Monday, June 3, 2019
I'm excited to be here! (Thanks to the Nonprofit Law Prof Blog folks for inviting me!)
Because I wasn't told any differently, I thought I'd take today to briefly introduce myself. I'll get to more substantive blogging tomorrow.
I've been teaching at Loyola University Chicago for a decade now. In addition to here, I do some tax blogging at the Surly Subgroup and some religious/Mormon/tax blogging at By Common Consent. I'm broadly interest in tax and nonprofit issues, and am really interested in questions of the taxation of religious stuff.
My outside-of-work time largely consists of two things: shuttling kids to (and sometimes participating in) an insane number of extracurricular activities and listening to jazz. (I'd like it to involve a little more saxophone playing, but you do what you can.) And both of these things implicate tax-exempt organizations and nonprofits, and may provide me with future blogging fodder.
For instance: today after work, I'll take a bus to pick my daughter up from school. Then we'll take the train to First Ascent. I'll climb and work out while she (and my other daughter) practice with their climbing teams. (Side note: did you know that competitive rock climbing was a thing? Me either, until my kids started doing it. But it'll be in the 2020 Olympics.) Competitive rock climbing is governed by USA Climbing, a 501(c)(3) organization.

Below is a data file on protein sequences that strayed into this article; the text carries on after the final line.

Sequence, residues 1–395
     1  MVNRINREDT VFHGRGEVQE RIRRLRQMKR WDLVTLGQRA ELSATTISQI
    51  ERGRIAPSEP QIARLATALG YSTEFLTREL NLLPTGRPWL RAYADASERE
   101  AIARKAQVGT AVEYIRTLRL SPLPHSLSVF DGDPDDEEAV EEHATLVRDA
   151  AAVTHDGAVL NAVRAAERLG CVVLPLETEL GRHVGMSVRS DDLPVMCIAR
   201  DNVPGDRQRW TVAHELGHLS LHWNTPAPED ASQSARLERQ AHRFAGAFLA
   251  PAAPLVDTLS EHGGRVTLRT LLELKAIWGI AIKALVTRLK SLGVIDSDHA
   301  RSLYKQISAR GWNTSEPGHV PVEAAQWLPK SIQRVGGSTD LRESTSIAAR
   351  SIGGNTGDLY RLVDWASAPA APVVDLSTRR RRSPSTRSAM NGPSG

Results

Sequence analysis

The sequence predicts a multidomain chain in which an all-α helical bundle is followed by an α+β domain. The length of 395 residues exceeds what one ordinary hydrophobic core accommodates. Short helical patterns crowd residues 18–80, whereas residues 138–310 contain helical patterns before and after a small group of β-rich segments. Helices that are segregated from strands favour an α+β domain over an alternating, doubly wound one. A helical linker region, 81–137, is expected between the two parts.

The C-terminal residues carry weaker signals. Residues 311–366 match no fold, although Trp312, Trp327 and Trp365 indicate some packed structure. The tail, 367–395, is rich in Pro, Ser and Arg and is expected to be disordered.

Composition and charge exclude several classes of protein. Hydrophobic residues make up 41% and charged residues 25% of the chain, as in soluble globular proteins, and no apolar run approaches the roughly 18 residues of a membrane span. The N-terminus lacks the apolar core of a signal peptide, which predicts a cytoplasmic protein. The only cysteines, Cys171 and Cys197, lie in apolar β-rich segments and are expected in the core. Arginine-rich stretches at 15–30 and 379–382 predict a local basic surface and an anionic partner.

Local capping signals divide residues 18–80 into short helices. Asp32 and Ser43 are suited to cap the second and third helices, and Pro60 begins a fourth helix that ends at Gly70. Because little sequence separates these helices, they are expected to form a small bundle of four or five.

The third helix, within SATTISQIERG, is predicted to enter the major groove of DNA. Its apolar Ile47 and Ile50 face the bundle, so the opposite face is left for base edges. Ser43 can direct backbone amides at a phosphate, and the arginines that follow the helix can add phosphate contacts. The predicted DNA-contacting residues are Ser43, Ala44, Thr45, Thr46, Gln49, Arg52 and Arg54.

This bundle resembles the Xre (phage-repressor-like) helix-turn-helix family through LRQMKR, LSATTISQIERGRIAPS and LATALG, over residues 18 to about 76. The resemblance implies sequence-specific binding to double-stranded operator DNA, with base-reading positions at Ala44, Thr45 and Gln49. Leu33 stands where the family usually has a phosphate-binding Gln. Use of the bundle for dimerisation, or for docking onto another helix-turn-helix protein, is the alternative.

I also coach my son's soccer team, through AYSO. (My sister is still incredulous, probably rightfully, since I quit soccer when I was 8. Still, I know more than my son and his cohort, and by coaching, I get to choose when we hold practice, which is kind of critical given my family's schedule.) Like USA Climbing, AYSO is a 501(c)(3) exempt organization.
It makes sense, of course: section 501(c)(3) explicitly allows an exemption for organizations that "foster national or international amateur sports competition." I'll admit, though, that I haven't yet carefully thought through this exemption. When I've thought about it, the two organizations that first come to mind are the NCAA and the US Olympic Committee. My suspicion is that both of these organizations are substantially different, though, from USA Climbing and AYSO. I'll be interested in casually exploring the amateur athletics exemption in future posts.
On the jazz front, I've recently become aware of Giant Step Arts, a nonprofit focused on presenting and recording live jazz. I know basically nothing about Giant Step Arts, though several of the projects it has recorded have made for great listening. I plan on looking at it, its mission, and its tax-exempt status (I think, assuming the linked organization is the same as the jazz nonprofit).
Until those posts, though, thanks for having me, and I look forward to my time on this blog!
Samuel D. Brunson